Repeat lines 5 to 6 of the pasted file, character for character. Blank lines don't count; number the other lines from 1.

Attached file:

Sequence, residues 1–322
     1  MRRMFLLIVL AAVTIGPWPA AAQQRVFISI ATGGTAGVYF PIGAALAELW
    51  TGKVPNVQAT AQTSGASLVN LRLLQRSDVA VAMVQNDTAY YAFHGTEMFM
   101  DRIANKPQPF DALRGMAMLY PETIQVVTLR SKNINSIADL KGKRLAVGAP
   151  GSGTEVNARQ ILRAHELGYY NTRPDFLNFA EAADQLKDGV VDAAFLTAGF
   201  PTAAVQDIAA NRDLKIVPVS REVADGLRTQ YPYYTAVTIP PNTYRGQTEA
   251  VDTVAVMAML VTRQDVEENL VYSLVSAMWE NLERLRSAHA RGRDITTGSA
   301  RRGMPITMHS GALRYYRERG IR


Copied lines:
   151  GSGTEVNARQ ILRAHELGYY NTRPDFLNFA EAADQLKDGV VDAAFLTAGF
   201  PTAAVQDIAA NRDLKIVPVS REVADGLRTQ YPYYTAVTIP PNTYRGQTEA